Investigation of cognition, nutrition, independence and swallowing difficulty, relationship with quality of life, and effect levels in elderly people with Alzheimer's disease living with their families

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PARLAK M. M., Tokgoz S. A., Bizpinar O., Saylam G., KÖSE A.

NEUROLOGY ASIA, vol.27, no.3, pp.701-708, 2022 (SCI-Expanded) identifier identifier

  • Publication Type: Article / Article
  • Volume: 27 Issue: 3
  • Publication Date: 2022
  • Doi Number: 10.54029/2022eeu
  • Journal Name: NEUROLOGY ASIA
  • Journal Indexes: Science Citation Index Expanded (SCI-EXPANDED), Scopus, Academic Search Premier, EMBASE
  • Page Numbers: pp.701-708
  • Keywords: Alzheimer disease, quality of life, nutrition, independence, swallowing, elderly, relationship, effect, dementia, OLDER-ADULTS, DEMENTIA, MALNUTRITION, CARE
  • Hacettepe University Affiliated: Yes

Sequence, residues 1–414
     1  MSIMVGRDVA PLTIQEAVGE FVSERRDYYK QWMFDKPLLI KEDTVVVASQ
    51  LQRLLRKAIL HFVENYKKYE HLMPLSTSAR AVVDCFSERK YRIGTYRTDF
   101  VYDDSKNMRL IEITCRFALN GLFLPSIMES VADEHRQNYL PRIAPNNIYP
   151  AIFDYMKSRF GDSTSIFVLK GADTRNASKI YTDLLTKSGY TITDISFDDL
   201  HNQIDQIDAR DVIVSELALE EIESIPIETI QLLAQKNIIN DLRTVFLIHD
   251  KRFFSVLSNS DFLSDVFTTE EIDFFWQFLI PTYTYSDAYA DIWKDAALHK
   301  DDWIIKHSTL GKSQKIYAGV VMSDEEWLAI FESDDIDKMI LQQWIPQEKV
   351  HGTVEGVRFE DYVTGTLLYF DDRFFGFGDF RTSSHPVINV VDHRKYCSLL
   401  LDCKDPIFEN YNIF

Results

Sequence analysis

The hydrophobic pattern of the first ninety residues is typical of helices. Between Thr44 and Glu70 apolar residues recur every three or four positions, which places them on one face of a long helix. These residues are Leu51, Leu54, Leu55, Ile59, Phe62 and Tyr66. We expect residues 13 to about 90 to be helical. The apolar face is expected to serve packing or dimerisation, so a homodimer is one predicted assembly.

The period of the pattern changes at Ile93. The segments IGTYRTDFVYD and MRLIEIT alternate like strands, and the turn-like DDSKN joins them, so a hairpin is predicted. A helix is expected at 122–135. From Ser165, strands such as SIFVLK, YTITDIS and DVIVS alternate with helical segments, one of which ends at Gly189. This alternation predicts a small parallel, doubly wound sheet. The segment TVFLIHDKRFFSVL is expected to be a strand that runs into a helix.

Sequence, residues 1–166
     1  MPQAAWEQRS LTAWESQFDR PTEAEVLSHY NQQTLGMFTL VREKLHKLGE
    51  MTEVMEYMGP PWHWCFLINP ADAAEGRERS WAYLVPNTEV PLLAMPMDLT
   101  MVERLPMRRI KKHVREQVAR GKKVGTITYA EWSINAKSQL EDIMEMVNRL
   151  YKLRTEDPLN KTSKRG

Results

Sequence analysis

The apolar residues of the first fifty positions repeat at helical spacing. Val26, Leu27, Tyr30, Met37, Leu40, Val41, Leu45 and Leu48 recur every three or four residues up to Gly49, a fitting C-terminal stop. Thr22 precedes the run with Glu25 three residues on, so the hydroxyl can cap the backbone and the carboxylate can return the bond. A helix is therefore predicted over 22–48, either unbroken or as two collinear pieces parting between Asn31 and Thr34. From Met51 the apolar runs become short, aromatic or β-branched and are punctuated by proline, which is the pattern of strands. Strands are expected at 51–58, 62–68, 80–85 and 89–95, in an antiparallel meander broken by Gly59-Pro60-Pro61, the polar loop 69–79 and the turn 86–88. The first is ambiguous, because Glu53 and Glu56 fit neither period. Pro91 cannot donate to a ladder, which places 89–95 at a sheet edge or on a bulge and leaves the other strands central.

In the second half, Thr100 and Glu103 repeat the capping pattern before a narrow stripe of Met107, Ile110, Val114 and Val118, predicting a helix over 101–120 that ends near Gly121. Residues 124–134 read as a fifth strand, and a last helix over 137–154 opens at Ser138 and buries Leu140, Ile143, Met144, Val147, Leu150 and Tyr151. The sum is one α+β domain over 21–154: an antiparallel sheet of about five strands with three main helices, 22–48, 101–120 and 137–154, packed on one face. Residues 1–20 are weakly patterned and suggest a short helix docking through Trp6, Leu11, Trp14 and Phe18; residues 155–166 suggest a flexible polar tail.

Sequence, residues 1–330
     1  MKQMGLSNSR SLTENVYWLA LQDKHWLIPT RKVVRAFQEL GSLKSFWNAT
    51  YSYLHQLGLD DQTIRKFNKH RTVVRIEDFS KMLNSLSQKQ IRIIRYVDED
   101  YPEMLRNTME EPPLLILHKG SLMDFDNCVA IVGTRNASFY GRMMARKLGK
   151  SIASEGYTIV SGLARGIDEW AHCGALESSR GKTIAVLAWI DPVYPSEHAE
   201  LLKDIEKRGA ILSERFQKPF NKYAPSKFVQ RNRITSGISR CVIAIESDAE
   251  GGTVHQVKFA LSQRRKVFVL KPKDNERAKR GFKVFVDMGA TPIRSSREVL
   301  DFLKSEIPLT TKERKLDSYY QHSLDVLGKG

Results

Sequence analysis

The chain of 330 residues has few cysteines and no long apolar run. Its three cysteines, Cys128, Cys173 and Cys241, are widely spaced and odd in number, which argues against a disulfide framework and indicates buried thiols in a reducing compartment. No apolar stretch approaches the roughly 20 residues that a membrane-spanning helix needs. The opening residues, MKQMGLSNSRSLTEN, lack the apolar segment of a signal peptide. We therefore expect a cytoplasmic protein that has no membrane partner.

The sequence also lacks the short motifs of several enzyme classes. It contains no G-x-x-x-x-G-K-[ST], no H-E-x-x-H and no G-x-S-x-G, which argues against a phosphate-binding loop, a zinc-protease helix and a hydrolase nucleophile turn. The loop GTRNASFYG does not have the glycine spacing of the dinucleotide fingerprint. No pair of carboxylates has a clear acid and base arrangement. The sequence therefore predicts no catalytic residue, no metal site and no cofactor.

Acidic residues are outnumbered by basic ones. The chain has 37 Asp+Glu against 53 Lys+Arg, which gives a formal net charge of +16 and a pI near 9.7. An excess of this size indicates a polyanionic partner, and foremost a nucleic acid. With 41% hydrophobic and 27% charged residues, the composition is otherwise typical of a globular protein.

Background & Objective: The aim of this study is to determine the deteriorations in nutrition, swallowing, cognition, and independence among geriatric people with Alzheimer's disease who are living with their families (PWADLF), to examine how these conditions relate to and how much they affect the patients' qualities of life. Methods: Standardized Mini-Mental Examination (SMMSE), Barthel Index (BI), Bedside Water Swallow Test (BWST), The Mini Nutritional Assessment (MNA), and Nottingham Health Profile (NHP) were determined. Results: According to the BWST results, 31.1% of patients had dysphagia. It was observed that 49.6% of the patients were at risk of malnutrition, and 30.3% were malnourished; 16% were highly dependent, 58.8% were moderately dependent, and only 1.7% were completely independent. It was observed that the SMMSE, MNA, and BI variables had a significant impact on the NHP variable.Conclusions: It was found in this study that elderly PWADLF are at risk for dysphagia and malnutrition. As the stage of patients progressed, it was observed that the risk of dysphagia and malnutrition increased, and their independence levels and quality of life decreased. It was found that quality of life is related to independence, nutrition, and cognitive level, and these conditions have a significant effect on the quality of life, respectively. Therefore, conditions such as malnutrition, which may decrease the quality of life in people with Alzheimer's disease, should be evaluated early, and necessary corrective measures taken.